Before there was Disneyland and Six Flags, there was Coney Island. Located on the southern end of the Borough of Brooklyn in New York City, Coney Island was the largest amusement park in the United States between 1880 and World War II. Today, the iconic park has two amusement complexes—Luna Park and Deno’s Wonder Wheel Amusement Park—and numerous entertainment sites not included in the two parks.
Its impact on American popular culture has been large. Consider root beer and the Coney Island hot dog. The roller coaster. The carousel. The area was one of the first to use new technologies like electric light. And the first baby incubator debuted there.
Coney Island is still a popular destination for New Yorkers and visitors, but it has changed considerably over the decades. It is also gaining a reputation for poetry.
In 2009, native New Yorker and poet Amanda Deutch organized a poetry festival for Coney Island. Seven years later, Deutch heads Parachute Literary Arts, a community arts organization that “celebrates poetry in Coney Island and makes poetry available to those who live and work in the Coney Island neighborhood.”
Parachute focuses on three kinds of activities: the festivals, held periodically (2009, 2012, and one scheduled for 2017); poetry workshops for students and adults outside the regular classroom; and poetry “events, ” like creating poetry libraries for organizations and a “Poem-a-Rama” in 2015.
All of this happens within the context of place—and the place is Coney Island. Even the organization’s name comes from one of the local iconic landmarks. The Parachute Jump was a ride at the 1939 New York’s World Fair, and when the fair ended was moved to Steeplechase Park, one of the area’s amusement parks. Steeplechase Park is long gone, but the Parachute Jump tower still stands as a Coney Island landmark (it no longer operates as a ride).
Last year’s “Poem-a-Rama” centered on Coney Island’s big Ferris wheel, known as the Wonder Wheel. Students from Parachute’s workshops joined with established poets at the landmark attraction to read and discuss poetry, both on the ground and on the Wonder Wheel itself. The cars were temporarily transformed into small-group “salons” to read and discuss poetry. The event experienced some unexpected “atmosphere” when fog rolled in.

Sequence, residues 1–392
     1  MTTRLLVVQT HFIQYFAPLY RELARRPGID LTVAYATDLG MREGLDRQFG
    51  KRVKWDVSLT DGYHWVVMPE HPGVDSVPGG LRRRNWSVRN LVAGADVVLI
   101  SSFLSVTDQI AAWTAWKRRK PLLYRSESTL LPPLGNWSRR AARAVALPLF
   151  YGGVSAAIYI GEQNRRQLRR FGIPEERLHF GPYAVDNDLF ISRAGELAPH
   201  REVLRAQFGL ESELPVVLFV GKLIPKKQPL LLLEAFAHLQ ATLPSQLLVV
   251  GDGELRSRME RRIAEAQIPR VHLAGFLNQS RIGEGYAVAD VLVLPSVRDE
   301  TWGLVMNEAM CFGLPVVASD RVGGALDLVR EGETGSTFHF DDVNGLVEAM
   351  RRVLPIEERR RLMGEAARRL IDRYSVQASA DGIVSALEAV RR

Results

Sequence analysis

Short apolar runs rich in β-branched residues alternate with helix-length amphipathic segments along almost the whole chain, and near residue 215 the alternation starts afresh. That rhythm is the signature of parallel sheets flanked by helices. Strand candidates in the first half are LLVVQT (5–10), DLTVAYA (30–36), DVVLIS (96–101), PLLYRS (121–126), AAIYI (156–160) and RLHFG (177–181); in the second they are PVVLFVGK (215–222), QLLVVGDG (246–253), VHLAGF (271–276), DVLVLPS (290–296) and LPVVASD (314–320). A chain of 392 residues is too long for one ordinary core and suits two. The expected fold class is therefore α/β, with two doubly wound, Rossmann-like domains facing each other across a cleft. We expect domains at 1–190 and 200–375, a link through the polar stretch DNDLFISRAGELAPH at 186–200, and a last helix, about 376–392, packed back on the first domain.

The workshops have been organized with two local organizations—the Rachel Carson High School for Coastal Studies and the New York City Housing Authority (NYCHA). Different area poets lead the workshops. And the high school and the NYCHA’s Surfside Gardens housing complex have two of the poetry libraries. Using social media, Parachute has solicited newly published poetry books from poets and publishers to stock the libraries.
Deutch, a native of New York City and the author of four poetry chapbooks, knows her Coney Island. Her mother, uncle, and grandmother all lived in Coney Island. She’s known the area as a child and as an adult. She currently lives “by the water” in Brooklyn, and described how she came to create Parachute in an article for Poets & Writers Magazine. Its original purpose was to host the 2009 poetry festival, and it grew from there. She’s also involved with a project called Coney Island History, and has done several interviews for it.
Parachute has one additional staff member, Susan Brennan, who serves as Festival Associate. She is a screenwriter and poet, and the author of a chapbook entitled numinous and a full-length collection entitled Drunken Oasis.
Parachute Literary Arts is about poetry and place, and how a community can become connected through poetry. This place just happens to be the nation’s oldest amusement park. One can almost smell the poetry in the cotton candy, the hot dogs, the sand and salt air, the suntan lotion, the screams from the amusement park rides, the music blaring over loudspeakers, and the warmth of the nights.
How to Read a Poem uses images like the mouse, the hive, the switch (from the Billy Collins poem)—to guide readers into new ways of understanding poems. Anthology included.
“I require all our incoming poetry students—in the MFA I direct—to buy and read this book.”
—Jeanetta Calhoun Mish